Begin with a premise…

Get on board the story train with our ‘Beginnings‘ blog series! Here’s the latest offering from Birmingham writing retreat rep Karen Elizabeth Miller:

Have you ever had a story fall on its arse? I have. When I started writing plays, it happened all the time. I might have created a compelling and interesting character but I had nothing for her to do. I may have brilliantly evoked a setting but I couldn’t pin down what might happen there. My passion for an exciting new idea convinced me there had to be a story in it – I guess I thought that if I began writing my story, then I’d find the inspiration I needed along the way – but I never did. And so, many of my stories fell on their arses…

Then I came across The Art of Dramatic Writing by Lajos Egri and everything changed. In Chapter 1, Mr Egri describes what he defines as ‘Premise’ and I discovered a new way to begin my plays. (Before all you novel and short story writers jump ship, stay with this – using a premise might just help you too!)

The premise is the purpose of your story. It is the point of it, the goal, the aim, the driving force, the motivation and also the destination. Everything in life has a premise. When someone decides to cross a room, they have a reason for doing so. We breathe because there’s a very important premise in staying alive! Establishing a premise for your story will enable you to discover where you are going with your plot and what you want to say with it; your premise should therefore be something that you believe in passionately.


Scrawled across the pages of most of my notebooks is the following ‘calculation’ that I devised using Lajos Egri’s wisdom:

Premise = Character + Conflict + Resolution

In The Art of Dramatic Writing, the premise of Romeo & Juliet is described as: Great love defies even death.

Here the great love obviously refers to that between Romeo and Juliet. It is a great love because the two youngsters are determined enough to defy family tradition and years of hate – which provides the conflict in the story. Then, as we know, the play ends with them sacrificing their lives in order to unite in death.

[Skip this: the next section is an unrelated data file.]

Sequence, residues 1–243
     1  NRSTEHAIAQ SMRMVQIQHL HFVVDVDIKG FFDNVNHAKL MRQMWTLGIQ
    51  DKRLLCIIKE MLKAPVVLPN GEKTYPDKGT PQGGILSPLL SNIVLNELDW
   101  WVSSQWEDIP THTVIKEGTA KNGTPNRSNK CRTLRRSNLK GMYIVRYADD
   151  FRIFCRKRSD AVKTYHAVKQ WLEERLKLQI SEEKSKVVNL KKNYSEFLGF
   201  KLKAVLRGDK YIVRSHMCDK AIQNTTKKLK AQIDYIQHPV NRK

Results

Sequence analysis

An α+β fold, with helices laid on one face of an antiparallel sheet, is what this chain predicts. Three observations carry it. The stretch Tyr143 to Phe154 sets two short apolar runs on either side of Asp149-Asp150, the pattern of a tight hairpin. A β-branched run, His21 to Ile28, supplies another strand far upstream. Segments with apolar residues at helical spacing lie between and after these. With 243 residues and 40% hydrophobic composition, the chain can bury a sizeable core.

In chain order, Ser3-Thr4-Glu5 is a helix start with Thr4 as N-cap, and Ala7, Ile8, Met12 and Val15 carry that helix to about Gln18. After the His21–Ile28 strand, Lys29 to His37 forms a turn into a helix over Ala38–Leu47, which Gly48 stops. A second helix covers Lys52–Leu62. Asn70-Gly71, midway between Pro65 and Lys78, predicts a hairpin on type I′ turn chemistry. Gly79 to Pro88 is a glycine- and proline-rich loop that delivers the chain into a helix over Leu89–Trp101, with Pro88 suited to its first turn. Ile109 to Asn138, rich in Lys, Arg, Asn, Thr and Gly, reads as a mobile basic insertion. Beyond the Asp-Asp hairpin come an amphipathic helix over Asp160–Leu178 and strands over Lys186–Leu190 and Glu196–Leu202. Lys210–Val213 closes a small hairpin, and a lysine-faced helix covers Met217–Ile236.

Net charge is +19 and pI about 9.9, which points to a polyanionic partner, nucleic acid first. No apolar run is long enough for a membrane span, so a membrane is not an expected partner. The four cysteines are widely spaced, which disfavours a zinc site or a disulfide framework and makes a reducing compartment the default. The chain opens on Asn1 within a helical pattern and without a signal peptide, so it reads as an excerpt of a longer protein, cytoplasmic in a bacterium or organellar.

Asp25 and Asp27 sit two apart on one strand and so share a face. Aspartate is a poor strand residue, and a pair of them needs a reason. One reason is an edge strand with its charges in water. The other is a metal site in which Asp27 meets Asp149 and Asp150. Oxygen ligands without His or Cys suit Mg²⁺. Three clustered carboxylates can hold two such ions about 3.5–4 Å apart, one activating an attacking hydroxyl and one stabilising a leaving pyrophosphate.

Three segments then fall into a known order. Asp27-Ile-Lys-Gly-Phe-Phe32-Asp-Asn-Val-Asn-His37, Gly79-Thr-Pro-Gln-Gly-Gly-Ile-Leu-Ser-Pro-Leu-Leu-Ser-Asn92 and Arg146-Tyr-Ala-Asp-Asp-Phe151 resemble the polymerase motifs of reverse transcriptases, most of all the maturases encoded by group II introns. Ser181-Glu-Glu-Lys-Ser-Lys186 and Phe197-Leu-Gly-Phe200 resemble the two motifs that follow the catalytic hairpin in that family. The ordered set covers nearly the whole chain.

Character = Two lovers capable of great love.

Conflict = Romeo and Juliet defying the battle lines drawn between their families.

Resolution = Romeo and Juliet killing themselves to unite in death.

Of course, premises are vital to novels too. Take The Miniaturist by Jessie Burton, for example – here’s what I think the premise is (NB: Spoilers ahead):

Loyalty trumps love when it comes to achieving family status.

The story begins with Nella marrying into a wealthy family. Over the course of the story, however, Nella discovers that she will never enjoy a romantic relationship with her new husband. Her quest to discover the reasons for this and uncover the secrets that shroud his entire household, heightened by the involvement of the mysterious miniaturist, provides the story’s conflict. When the Brandts run into serious trouble, Nella’s loyalty to them is rewarded with her taking up the position of head of the family.

Character = A fiercely loyal young woman.

Conflict = The struggle to stay loyal to someone who can’t love you romantically and is surrounded by secrets.

Resolution = Nella’s loyalty results in her becoming head of the family.

The novel is more complex than this, with additional characters negotiating their own subplots and premises, but this is the central premise, I think. This may not have been Jessie Burton’s starting point but I believe that it is such a great story partly because it has such an identifiable premise at its core.

Later on in his book, Egri writes about how you should develop characters that are capable of proving your premise. This provides an ideal place to begin to your story. The Miniaturist begins with Nella agreeing to marry a rich stranger to save her mother and siblings from poverty: an action motivated by her strong sense of family loyalty. This is the character trait that will later lead her on the journey to proving the ultimate premise of the story.

If you are a playwright or a novelist, I would definitely recommend beginning by establishing your premise before you begin. And if you write short fiction, the Writers’ HQ short fiction blog series talks about much the same thing when we explore the ‘fundamental human truth’ of a short story

And you don’t always have to define your premise at the beginning. If you’ve already started a story but you find that the plot is stalling, pinning down your premise when you’ve hit a block might help tighten your narrative and get you back on track.

Remember all those stories that fell on their arse?

Maybe now’s the time to see if you can establish a premise and set them on their way again…


Want MOAR advice on getting past the Big Bad Beginning stage? Check out the whole blog series here.

Karen Elizabeth Miller writes for the stage but experiments with short stories and poetry on the side. Her writing is currently fuelled by red wine, tea, chocolate and 80’s pop music. She discovered WHQ whilst living in Brighton and taking part in New Writing South’s Advanced Dramatic Course. Now she’s back home in Brum, she’s spreading the gold-star-love to the Midlands with Birmingham Writers’ Retreat.
Twitter: @karenlizmiller

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